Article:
The boss who today wants a streamlined tribunal system and no uncertainty may be the drunk driver tomorrow wanting their life and record and all mitigating circumstances taken into account.

The price of “society” is accepting that there is more than one point of view.  It is not such a simple job to make things ‘fairer’ but we could start by acknowledging that there are competing standpoints.

For our earlier blogs in the ‘red tape’ series, click here  for our discussion on whether we are over-regulated, and click here for our discussion on how far we can repeal current legislation , click here for the third blog for our discussion on how government guidance notes affect us and click here for our fourth blog  where we look at the opportunity to simplify legislation

See our  previous blog

Annabel Kaye is Managing Director of Irenicon Ltd, a specialist employment law consultancy.

Tel: 08452 303050 Fax: 08452 303060 Website :

You can follow Annabel on Twitter


Filed under discipline and dismissal, employment law, employment tribunal, Red Tape

What I say, or what I mean? Red tape and employment law

This is the fourth in our series of blogs about the ‘Red Tape Reduction’ consultation.  In this blog, we look at the opportunity to simplify legislation

Over the last 30 odd years I have seen a number of ‘simplifications’, and not one of them has simplified anything for anyone.   Take a few separate short statutes, and once ‘simplified’ they seem to turn into 100 pages of legislation and 200 pages of ‘guidance’.  Why is this?

It is not because anyone is trying to make it any harder than it is.   It may be because:

a)      European laws are ‘purposive’ – which means they are drafted with an intention to have a particular effect, and national parliaments have to work out how to achieve this – which is more complicated in the UK because …

b)      UK laws are written so that the words we use are what the law is

c)       When the UK courts and tribunals interpret UK implementation of EU laws, this can throw up problems with the UK approach (“what do the words say”) and the EU approach (“what is the legislation trying to achieve”).

There are specialists (Parliamentary draftsmen) who draft the words of laws in the UK.  It is a particular skill, honed in a tradition that stretches back centuries.  These people, when left to do their job, use words as a precise tool.  When it comes to implementing EU legislation they are being asked to frame the detailed wording of laws that are broad brush in their intent. 

When it comes to employment law the EU tends to work on ‘framework’ legislation, leaving it for national parliaments to set out legislation that brings the EU purpose into effect.  In many other EU countries, the national legislation is essentially framework too, and much of the detail is filled in with legally binding management and union agreements at regional, local and sector level.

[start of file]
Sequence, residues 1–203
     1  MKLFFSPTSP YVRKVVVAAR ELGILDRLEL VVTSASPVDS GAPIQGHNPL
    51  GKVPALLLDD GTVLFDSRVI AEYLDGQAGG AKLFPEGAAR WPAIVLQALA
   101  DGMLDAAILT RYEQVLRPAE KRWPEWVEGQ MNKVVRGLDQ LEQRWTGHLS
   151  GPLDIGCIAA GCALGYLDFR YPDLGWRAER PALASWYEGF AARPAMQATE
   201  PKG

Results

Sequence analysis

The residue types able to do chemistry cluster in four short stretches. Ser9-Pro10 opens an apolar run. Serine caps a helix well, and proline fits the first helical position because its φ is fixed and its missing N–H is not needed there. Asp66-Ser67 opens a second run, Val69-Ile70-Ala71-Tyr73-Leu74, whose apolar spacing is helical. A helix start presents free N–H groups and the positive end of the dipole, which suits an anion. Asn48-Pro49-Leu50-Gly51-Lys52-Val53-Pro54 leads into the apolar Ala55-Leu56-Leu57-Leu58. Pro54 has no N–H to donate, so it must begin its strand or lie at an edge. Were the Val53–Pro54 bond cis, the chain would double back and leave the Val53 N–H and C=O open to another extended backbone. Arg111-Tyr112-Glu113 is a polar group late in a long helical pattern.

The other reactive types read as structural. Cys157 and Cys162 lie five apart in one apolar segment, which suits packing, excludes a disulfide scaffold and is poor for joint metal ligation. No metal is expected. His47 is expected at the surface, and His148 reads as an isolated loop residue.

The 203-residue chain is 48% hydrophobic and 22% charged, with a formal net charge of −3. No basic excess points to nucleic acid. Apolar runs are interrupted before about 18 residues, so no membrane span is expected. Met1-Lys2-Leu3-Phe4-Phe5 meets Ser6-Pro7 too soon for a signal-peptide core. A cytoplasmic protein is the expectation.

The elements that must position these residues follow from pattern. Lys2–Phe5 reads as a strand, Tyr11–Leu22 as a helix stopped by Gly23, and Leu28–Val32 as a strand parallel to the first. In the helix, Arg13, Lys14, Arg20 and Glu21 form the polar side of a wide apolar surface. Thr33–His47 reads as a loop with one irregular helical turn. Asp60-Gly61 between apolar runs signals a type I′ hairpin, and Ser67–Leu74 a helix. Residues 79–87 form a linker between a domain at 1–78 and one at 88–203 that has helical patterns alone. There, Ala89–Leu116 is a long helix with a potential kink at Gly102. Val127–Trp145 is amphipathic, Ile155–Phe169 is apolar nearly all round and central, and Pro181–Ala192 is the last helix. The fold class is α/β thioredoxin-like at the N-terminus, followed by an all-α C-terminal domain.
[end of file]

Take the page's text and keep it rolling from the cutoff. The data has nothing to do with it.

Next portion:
In the UK we don’t usually have legally binding agreements, so the poor Parliamentary draftsmen end up trying to draft a ‘one size fits all’ set of legislation.  This means that all the variations by sector, size of company, special circumstance have to go into the legislation.  In other legal systems it would go into the appropriate agreements and anyone not covered by it wouldn’t have to read it!

In the UK we have an instinctive feeling that everyone should be treated the same under the law.  So the idea of laws that apply only to employers and employees in a particular sector is very alien to us.  Our ‘gut feel’ that there should be some kind of level playing field results in complications, exceptions, and heartache.

We like the idea of consistency and often feel that is some measure of ‘fairness’ but we don’t like complexity.  Equally we don’t like laws that are not appropriate.

In an employment market that includes global players, national organisations, sector dominant employers, small businesses, and micropreneurs about to take on their first part time employee, it is almost impossible to have one simple, clear approach that suits everyone unless we go back to the EU ‘purposive’ approach.

We could have employment laws that say – “Do what is appropriate and fair give the size of your organisation and its needs, balanced with the effect your decisions will have on the individuals and the degree to which they have brought this on themselves”.

But that, of course, would not satisfy those who want to know in advance that they have done the ‘right thing’.  The law could be simply expressed in a ‘broad brush’ way, but although that would simplify the wording of the law, it would not simplify predicting how the law would apply to a particular situation.

The “red tape” exercise is not going to be able to resolve the core conflict between the two systems applying the UK – that express law in a ‘framework’ way, and in a ‘what do the words say’ way.  So the discussion seems to be taking place around the edges.  But it is not trying to tackle some central issues about whether we could find a consensus of what we meant by ‘fair’ or ‘appropriate’ or ‘relevant’ when it comes to dealing with people in the world of work.

For our earlier blogs in the ‘red tape’ series, click here  for our discussion on whether we are over-regulated, click here for our discussion on how far we can repeal current legislation and click here for the third blog for our discussion on how government guidance notes affect us.

See our previous blog be continued…..

Annabel Kaye is Managing Director of Irenicon Ltd, a specialist employment law consultancy.
Tel: 08452 303050 Fax: 08452 303060
Website :
You can follow Annabel on Twitter


Filed under employment law, Equality Bill, free stuff